38. Y. Hu, X. Jiang, Y. Ding et al., “Preparation and drug release behaviors of nimodipine-loaded poly(caprolactone)-poly(ethylene oxide)-polylactide amphiphilic copolymer nanoparticles,” Biomaterials, vol. 24, no. 13, pp. 2395–2404, 2003. View at: Publisher Site | Google Scholar
  39. K. Kalyanasundaram and J. K. Thomas, “Environmental effects on vibronic band intensities in pyrene monomer fluorescence and their application in studies of micellar systems,” Journal of the American Chemical Society, vol. 99, no. 7, pp. 2039–2044, 1977. View at: Google Scholar
  40. K. Y. Lee, W. H. Jo, I. C. Kwon, Y. H. Kim, and S. Y. Jeong, “Structural determination and interior polarity of self-aggregates prepared from deoxycholic acid-modified chitosan in water,” Macromolecules, vol. 31, no. 2, pp. 378–383, 1998. View at: Google Scholar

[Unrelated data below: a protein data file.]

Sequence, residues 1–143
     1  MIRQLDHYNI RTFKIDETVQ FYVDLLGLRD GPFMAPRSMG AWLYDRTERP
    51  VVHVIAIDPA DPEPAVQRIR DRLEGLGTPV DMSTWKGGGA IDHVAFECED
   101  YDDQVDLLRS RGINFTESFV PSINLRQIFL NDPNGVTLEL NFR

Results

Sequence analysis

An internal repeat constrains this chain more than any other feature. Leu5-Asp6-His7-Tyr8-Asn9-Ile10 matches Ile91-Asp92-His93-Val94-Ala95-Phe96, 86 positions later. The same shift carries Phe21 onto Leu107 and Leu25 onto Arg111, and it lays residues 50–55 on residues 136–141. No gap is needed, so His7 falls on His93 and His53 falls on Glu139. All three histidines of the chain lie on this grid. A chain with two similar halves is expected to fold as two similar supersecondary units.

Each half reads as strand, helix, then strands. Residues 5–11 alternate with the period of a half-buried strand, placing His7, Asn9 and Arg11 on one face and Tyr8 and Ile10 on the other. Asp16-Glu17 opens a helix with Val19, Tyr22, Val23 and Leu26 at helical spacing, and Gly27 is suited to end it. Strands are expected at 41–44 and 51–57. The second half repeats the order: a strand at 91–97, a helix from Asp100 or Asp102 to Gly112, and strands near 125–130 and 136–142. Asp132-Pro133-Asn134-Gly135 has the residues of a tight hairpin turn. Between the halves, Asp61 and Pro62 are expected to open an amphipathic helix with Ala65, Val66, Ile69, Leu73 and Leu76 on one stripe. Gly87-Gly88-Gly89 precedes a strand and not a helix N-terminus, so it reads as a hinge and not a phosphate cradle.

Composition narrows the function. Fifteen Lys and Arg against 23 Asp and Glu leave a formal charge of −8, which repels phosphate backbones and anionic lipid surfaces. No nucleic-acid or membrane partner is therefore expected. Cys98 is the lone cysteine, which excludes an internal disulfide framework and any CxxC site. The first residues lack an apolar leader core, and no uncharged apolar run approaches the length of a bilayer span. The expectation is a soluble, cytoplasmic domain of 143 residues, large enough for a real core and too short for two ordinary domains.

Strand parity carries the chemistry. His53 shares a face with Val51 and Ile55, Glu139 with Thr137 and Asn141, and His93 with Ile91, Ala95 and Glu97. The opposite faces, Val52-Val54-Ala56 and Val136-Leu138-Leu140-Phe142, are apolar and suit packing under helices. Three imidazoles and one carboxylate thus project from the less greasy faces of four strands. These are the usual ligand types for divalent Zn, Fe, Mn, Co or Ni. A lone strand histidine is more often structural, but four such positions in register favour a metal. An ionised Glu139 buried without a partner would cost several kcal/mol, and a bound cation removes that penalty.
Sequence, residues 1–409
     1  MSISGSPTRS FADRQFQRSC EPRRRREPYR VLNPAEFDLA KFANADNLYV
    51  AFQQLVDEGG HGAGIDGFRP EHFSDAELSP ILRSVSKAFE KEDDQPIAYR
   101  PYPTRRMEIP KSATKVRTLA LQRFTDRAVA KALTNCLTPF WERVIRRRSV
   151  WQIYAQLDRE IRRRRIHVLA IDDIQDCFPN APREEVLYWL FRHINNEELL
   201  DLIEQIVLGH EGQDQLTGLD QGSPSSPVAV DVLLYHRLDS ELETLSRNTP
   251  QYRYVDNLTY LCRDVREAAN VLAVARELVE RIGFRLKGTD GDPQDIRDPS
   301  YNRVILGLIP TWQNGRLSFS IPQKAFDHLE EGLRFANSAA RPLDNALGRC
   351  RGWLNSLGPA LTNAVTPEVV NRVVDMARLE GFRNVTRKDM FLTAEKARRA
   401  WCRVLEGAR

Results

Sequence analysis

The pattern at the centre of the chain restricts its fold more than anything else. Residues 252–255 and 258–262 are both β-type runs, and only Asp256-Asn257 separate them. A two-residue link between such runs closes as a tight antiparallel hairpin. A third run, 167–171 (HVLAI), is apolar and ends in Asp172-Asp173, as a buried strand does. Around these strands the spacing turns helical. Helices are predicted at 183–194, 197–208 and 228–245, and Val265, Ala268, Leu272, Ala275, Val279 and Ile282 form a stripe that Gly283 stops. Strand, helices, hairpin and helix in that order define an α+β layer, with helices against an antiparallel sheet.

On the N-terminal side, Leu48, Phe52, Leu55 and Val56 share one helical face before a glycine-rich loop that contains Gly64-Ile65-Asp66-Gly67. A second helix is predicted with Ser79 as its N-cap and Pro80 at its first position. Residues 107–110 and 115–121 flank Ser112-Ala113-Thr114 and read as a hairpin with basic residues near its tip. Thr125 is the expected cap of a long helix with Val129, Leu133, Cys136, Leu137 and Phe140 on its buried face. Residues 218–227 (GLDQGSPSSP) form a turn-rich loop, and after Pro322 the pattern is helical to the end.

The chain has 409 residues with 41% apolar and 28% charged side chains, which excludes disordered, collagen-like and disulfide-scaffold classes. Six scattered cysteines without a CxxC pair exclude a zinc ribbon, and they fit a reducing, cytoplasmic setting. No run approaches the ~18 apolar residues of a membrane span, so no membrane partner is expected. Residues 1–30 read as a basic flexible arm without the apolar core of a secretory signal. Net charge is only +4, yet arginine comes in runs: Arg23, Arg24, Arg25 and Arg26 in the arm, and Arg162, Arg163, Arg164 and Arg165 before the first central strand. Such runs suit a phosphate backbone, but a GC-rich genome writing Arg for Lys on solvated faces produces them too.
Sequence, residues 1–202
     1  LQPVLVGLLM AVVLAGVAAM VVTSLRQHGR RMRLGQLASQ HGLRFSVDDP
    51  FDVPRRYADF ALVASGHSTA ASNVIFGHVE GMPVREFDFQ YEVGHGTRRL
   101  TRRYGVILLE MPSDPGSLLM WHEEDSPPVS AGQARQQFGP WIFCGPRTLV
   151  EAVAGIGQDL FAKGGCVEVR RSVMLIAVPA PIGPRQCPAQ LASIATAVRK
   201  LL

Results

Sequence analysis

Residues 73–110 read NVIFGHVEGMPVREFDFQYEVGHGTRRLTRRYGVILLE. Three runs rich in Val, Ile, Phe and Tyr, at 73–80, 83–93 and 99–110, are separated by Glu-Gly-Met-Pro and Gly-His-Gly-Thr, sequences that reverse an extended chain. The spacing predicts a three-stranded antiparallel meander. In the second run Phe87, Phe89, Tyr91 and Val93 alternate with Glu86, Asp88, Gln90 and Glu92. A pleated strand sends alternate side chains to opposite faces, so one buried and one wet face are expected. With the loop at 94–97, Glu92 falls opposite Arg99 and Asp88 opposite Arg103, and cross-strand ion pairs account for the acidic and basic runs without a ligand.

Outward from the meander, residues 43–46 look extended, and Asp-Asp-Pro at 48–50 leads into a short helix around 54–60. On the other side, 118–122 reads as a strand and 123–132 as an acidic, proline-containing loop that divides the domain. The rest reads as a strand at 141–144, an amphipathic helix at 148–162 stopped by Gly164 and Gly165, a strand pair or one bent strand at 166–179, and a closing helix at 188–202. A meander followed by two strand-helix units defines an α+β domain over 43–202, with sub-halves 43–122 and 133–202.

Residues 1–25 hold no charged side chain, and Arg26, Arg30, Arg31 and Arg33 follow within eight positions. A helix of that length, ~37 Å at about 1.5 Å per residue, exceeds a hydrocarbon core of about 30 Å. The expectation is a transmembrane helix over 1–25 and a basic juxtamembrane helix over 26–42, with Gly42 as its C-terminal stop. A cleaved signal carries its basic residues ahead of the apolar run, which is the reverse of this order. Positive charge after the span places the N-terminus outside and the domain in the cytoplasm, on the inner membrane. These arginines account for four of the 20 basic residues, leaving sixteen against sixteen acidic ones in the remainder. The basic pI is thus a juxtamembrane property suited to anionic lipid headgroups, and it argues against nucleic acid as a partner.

41. Y. Nagasaki, T. Okada, C. Scholz, M. Iijima, M. Kato, and K. Kataoka, “The reactive polymeric micelle based on an aldehyde-ended poly(ethylene giycol)/poly(lactide) block copolymer,” Macromolecules, vol. 31, no. 5, pp. 1473–1479, 1998. View at: Google Scholar
  42. G. Kwon, M. Naito, M. Yokoyama, T. Okano, Y. Sakurai, and K. Kataoka, “Micelles based on AB block copolymers of poly(ethylene oxide) and poly(β-benzyl L-aspartate),” Langmuir, vol. 9, no. 4, pp. 945–949, 1993. View at: Google Scholar
  43. C. Kim, S. C. Lee, S. W. Kang, I. C. Kwon, Y. H. Kim, and S. Y. Jeong, “Synthesis and the micellar characteristics of poly(ethylene oxide)-deoxycholic acid conjugates,” Langmuir, vol. 16, no. 11, pp. 4792–4797, 2000. View at: Publisher Site | Google Scholar